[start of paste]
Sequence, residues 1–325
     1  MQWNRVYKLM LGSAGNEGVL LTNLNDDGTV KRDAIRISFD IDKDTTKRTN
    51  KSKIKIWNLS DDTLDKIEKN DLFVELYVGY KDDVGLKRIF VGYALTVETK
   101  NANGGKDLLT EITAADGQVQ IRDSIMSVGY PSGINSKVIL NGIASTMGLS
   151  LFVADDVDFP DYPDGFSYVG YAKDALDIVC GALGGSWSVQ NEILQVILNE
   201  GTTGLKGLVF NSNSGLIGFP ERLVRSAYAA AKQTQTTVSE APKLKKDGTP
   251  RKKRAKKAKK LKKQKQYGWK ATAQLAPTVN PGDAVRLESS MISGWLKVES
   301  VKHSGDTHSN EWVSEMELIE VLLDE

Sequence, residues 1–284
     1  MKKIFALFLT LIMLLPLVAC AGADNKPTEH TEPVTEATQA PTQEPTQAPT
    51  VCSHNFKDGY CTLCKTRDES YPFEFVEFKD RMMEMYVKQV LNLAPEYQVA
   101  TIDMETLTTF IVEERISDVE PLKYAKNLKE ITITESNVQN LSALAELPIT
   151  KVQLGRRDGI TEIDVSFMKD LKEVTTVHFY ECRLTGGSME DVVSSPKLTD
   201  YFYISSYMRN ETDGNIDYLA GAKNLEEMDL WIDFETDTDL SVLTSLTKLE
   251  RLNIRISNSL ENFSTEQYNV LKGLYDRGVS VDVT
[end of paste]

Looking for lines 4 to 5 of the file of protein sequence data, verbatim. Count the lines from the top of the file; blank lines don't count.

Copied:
   101  NANGGKDLLT EITAADGQVQ IRDSIMSVGY PSGINSKVIL NGIASTMGLS
   151  LFVADDVDFP DYPDGFSYVG YAKDALDIVC GALGGSWSVQ NEILQVILNE